546 (S.D.N.Y.1978).”) In reaching this conclusion, most
courts agree that:
[T]he need for effective psychiatric examinations militates
against allowing an observer who could potentially distract
the examining psychiatrist and examine thereby compromising
the results of the examination. Moreover, the presence of the
observer interjects an adversarial, partisan atmosphere into
what should be otherwise a wholly objective inquiry. See
Jacob v. Chaplin, 625 N.E.2d 486, 492 (Ind.App.1993).
Additionally, it is recognized that psychological
examinations necessitate an unimpeded, one-on-one exchange
between the doctor and the patient. Tomlin v. Holecek et
al., 150 F.R.D. 628, 632 (D.Minn.1993); Cline v.
Firestone, 118 F.R.D. 588, 589 (S.D.W.Va.1988);
Brandenberg v. El Al Israel Airlines, 79 F.R.D. 543,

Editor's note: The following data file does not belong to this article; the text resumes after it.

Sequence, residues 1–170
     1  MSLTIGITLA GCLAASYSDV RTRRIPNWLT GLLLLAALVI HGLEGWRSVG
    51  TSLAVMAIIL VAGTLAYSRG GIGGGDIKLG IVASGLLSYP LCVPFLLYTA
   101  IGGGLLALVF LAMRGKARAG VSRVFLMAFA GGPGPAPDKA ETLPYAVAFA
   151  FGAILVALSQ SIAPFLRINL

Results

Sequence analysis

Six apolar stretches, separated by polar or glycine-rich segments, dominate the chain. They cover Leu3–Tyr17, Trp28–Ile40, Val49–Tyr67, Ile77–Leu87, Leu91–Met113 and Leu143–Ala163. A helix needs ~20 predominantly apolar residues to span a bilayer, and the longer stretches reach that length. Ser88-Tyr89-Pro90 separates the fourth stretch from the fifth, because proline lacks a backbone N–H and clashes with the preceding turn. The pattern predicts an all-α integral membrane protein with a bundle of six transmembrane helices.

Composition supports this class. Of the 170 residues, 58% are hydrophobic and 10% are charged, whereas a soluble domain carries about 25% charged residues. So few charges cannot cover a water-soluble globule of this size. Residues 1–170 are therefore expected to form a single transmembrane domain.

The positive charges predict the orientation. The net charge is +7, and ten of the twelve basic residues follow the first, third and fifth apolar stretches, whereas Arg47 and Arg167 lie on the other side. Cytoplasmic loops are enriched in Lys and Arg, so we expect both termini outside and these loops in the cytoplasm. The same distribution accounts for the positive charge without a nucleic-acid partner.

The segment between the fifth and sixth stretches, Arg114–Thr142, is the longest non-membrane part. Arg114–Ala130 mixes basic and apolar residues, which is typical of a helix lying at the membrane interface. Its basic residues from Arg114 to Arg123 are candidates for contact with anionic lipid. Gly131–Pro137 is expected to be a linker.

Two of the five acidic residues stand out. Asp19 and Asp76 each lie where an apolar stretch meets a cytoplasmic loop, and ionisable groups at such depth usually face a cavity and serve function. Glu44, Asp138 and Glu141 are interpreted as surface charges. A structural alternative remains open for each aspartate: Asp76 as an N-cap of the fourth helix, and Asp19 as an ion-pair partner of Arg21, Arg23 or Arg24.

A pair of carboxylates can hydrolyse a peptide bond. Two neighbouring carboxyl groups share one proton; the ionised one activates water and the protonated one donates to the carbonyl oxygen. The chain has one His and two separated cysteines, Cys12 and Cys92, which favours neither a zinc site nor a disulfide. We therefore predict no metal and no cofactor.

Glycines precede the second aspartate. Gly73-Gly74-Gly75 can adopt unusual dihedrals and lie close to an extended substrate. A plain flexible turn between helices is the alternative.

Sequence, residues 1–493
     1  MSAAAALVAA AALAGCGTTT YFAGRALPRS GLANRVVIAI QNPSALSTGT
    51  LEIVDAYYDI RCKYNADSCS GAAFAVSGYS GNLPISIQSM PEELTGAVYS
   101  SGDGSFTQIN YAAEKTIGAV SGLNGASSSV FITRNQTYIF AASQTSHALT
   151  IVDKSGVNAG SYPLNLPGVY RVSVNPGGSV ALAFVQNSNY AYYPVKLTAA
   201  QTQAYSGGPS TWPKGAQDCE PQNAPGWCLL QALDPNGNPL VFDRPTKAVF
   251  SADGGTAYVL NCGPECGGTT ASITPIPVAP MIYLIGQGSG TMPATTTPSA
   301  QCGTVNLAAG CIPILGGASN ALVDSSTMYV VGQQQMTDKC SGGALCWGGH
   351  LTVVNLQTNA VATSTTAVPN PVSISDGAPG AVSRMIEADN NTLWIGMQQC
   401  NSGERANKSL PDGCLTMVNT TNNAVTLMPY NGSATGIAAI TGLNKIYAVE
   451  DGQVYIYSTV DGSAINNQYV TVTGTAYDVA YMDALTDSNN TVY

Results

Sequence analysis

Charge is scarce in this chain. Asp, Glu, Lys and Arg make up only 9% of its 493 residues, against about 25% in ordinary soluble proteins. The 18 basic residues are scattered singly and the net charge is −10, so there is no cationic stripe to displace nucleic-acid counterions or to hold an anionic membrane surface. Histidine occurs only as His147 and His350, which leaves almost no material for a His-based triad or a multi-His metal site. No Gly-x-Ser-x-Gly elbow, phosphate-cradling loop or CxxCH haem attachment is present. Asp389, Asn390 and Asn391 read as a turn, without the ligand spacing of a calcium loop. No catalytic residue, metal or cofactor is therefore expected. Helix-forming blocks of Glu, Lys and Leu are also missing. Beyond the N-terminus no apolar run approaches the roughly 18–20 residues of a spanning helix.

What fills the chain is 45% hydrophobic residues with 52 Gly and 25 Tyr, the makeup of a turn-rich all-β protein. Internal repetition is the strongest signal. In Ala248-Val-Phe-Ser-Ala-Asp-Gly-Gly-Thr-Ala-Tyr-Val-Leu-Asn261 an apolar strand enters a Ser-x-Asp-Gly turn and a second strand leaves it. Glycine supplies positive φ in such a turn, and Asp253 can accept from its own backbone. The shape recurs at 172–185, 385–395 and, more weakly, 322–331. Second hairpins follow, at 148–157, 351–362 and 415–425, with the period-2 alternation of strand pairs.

544 (S.D.N.Y.1978); Swift v. Swift, 64 F.R.D. 440,
443 (E.D.N.Y.1974). The court finds that the presence of an
observer would lend a degree of artificiality to the
examination that would be inconsistent with the applicable
Shirsat v. Mutual Pharmaceutical Co., Inc., 169
F.R.D. 68, 71 (E.D.Pa.1996).Thus, in this regard
“‘the party seeking the attendance of a third
party at the examination bears the burden of showing
“good cause” for such attendance pursuant to Rule
26(c).' Reyes v. City of New York, No. 00 Civ.
2300(SHS), 2000 WL 1528239, at *3 (S.D.N.Y. Oct.16, 2000)
[and], ‘most courts start with a presumption against
the presence of third persons, and then go on to consider
whether special circumstances have been demonstrated in ...